POZNAŃ, Pol. (KSNT) – Soldiers from Fort Riley in Kansas are a car’s drive away from an ongoing Russian invasion in Ukraine, and could be there for the foreseeable future, according to U.S. Army officials.
Fort Riley troops staff the headquarters of a multi-country operation aimed at deterring Russian aggression, according to the U.S. Army Europe and Africa. Officials confirmed Saturday that the soldiers would have their stay extended without a timeline. Located in Poznań, Poland, Fort Riley troops manning the HQ are around just six hours from the Ukrainian border.
Russia launched its full-scale invasion of Ukraine Thursday. By Friday, Russian troops encroached on the country’s capital, Kyiv, with explosions and gunfire audible through the city, according to Associated Press reporters in the area. The fighting is around just 13 hours away from the Fort Riley soldiers stationed at headquarters.
Around 3,800 soldiers from Fort Riley’s 1st Armored Brigade Combat Team, 1st Infantry Division have been deployed in Europe since July 2021. The group, accounting for almost half of the 7,000 troops participating, moved to the continent as part of Operation Atlantic Resolve, which the U.S. Army Europe and Africa said is intended to “enhance deterrence, increase readiness and support [The North Atlantic Treaty Organization].” Alongside soldiers, Fort Riley also deployed this list of vehicles:
- 15 M109 Paladins, which are artillery vehicles
- 80 Abrams Tanks
- 130 Bradley Infantry Fighting Vehicles
- 500 tracked vehicles
- 1,500 wheeled vehicles and other equipment
While the 1st Infantry Division staffs Division Headquarters, the 1st Armored Brigade Combat Team has spread out to more than a dozen countries neighboring Ukraine and Russia, including Bulgaria, Estonia, Georgia, Germany, Hungary, Latvia, Lithuania, Romania and Slovakia. KSNT News asked Fort Riley’s 1st Infantry Division about what its troops were doing throughout Europe.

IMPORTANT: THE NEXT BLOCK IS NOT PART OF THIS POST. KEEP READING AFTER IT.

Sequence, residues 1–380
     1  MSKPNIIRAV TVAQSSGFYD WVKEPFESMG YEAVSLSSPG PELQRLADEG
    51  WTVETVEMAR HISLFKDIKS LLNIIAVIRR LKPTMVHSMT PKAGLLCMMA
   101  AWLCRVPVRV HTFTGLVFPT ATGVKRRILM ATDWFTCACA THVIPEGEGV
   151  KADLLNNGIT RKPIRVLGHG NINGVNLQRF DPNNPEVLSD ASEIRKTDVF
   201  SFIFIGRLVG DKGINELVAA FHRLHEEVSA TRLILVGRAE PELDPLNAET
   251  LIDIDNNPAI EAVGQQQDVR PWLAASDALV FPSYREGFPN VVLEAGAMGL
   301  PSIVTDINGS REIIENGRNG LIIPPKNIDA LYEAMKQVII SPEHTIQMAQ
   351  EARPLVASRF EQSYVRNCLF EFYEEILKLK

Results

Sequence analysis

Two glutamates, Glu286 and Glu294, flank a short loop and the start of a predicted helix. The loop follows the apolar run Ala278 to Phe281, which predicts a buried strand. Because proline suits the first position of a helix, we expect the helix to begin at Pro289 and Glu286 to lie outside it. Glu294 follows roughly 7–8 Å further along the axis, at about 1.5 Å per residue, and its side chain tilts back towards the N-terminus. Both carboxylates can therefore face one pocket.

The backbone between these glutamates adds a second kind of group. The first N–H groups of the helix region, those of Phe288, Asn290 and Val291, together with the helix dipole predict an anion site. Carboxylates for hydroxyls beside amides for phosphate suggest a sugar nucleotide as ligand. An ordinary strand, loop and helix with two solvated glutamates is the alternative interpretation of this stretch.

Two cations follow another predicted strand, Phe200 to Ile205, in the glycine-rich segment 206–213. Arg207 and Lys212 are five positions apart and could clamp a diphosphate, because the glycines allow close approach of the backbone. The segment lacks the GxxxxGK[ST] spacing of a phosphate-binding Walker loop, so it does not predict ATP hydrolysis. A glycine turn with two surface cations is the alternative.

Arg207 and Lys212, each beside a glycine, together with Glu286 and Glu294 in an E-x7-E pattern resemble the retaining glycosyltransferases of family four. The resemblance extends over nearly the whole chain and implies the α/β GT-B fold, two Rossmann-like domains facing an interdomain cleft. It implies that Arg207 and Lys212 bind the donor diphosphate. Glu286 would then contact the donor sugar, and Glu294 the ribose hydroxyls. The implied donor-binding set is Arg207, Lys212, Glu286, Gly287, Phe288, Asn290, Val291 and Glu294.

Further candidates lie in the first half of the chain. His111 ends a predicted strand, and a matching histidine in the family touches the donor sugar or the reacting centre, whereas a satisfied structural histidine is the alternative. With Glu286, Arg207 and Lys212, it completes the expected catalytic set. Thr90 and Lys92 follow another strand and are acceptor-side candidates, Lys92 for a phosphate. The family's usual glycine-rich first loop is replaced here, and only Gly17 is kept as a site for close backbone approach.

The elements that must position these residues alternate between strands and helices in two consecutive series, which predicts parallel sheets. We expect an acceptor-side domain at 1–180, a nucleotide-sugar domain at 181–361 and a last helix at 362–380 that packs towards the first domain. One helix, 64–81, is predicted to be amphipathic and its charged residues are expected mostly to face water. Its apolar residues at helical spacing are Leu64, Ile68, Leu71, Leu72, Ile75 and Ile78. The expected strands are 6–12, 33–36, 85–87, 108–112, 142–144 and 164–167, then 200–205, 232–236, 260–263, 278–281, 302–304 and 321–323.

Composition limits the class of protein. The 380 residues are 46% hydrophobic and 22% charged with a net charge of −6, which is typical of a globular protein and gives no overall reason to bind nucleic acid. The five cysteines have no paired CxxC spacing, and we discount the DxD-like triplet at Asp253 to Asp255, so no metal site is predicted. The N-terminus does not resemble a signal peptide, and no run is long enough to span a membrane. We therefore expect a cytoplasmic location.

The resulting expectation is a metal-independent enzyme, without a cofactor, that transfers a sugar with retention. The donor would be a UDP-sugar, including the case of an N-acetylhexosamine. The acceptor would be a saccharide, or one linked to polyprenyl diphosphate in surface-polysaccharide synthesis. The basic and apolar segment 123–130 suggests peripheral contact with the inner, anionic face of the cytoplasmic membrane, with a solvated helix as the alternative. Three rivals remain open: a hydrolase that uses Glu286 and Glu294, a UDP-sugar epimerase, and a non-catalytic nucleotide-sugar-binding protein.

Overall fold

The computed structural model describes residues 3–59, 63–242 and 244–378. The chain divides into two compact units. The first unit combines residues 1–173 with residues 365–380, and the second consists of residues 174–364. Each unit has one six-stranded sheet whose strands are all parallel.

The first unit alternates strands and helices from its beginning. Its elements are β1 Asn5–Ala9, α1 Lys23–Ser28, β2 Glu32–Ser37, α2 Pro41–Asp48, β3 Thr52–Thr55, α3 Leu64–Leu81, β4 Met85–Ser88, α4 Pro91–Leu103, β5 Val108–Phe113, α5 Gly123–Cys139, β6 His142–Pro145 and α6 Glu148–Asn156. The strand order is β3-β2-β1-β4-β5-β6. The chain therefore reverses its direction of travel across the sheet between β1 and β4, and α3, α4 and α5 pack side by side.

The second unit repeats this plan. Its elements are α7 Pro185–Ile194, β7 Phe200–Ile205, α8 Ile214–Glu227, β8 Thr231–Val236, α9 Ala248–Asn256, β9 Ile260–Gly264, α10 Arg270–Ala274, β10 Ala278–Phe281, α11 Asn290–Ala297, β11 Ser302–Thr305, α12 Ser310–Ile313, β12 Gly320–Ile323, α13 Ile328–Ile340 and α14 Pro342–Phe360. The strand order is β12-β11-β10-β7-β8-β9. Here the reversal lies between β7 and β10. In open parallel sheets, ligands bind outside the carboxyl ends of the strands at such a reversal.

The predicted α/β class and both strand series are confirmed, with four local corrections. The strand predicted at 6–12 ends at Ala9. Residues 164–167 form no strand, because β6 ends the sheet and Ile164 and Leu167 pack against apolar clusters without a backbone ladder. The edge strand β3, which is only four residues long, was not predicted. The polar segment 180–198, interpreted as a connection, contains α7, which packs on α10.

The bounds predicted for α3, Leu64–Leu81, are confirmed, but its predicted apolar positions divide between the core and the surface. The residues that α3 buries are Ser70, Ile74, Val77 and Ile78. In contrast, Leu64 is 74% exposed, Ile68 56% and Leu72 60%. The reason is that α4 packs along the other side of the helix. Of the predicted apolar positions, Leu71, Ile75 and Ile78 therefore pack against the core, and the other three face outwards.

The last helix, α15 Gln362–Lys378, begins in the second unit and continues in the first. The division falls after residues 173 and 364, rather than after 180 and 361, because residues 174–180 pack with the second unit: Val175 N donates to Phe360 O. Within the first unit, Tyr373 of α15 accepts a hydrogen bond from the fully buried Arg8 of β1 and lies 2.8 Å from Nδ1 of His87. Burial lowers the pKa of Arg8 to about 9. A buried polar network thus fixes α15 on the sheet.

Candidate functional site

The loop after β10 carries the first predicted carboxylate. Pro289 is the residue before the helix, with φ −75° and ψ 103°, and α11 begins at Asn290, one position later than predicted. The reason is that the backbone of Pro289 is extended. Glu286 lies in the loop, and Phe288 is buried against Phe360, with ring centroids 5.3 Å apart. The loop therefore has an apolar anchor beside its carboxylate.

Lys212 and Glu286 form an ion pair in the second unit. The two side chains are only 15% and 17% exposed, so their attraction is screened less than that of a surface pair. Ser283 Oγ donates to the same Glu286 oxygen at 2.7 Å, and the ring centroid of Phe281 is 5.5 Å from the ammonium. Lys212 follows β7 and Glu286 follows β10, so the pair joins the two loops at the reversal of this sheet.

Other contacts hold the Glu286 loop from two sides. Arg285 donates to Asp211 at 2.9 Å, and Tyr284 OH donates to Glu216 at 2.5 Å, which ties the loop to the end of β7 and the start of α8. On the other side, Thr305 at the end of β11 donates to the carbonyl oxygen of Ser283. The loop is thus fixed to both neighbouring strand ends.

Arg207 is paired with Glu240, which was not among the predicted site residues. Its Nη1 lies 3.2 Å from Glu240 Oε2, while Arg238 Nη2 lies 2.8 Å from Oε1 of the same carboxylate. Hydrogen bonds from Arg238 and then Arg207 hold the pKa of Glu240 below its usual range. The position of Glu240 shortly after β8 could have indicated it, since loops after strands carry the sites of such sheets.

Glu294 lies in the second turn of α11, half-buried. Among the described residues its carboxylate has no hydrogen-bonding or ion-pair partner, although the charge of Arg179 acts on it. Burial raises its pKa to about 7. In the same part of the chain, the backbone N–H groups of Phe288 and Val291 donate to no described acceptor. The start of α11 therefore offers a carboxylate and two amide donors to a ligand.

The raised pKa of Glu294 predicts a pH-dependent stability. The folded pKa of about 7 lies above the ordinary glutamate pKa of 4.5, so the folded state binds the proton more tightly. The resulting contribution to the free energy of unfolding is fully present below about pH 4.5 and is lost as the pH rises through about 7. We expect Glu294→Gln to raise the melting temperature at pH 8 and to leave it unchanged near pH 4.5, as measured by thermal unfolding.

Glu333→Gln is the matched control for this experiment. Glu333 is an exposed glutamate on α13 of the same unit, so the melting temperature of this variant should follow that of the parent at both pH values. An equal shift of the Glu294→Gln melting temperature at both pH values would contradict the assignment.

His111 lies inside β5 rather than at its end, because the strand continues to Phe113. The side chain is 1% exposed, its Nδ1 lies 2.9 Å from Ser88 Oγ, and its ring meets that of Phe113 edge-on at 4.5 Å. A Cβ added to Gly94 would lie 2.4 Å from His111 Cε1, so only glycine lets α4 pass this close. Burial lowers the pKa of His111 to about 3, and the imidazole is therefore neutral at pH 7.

“Our soldiers are conducting excellent training [shoulder-to-shoulder] with our allies and partners,” said Major Jefferson T. Grimes, 1st Infantry Division. “This training increases our interoperability and improves readiness.”
A spokesperson for U.S. Army Europe and Africa also weighed in on if troops from Fort Riley could end up becoming involved in defending Ukraine or Poland from a deepening Russian invasion.
“We cannot speculate on future decisions by senior leaders nor how the current crisis will proceed,” said Major Scott Kuhn, Media Division Chief for USAEA. “What we can say is that our forces including those permanently stationed in Europe, those here on rotation for Atlantic Resolve and those deployed to assure our NATO allies are highly trained [are] always ready for whatever mission they may be assigned.”
Another unit from Fort Carson, Colo., was set to rotate in and take over the Fort Riley troops’ post in Atlantic Resolve in spring 2022, according to the U.S. Army Europe and Africa. Because Fort Riley soldiers had their stay extended, the group known as the 3rd Armored Brigade Combat Team, 4th Infantry Division will instead join Fort Riley’s brigade now, Stars and Stripes reported. This was Fort Riley’s second tour in Atlantic Resolve, previously deploying in January 2019 for nine months.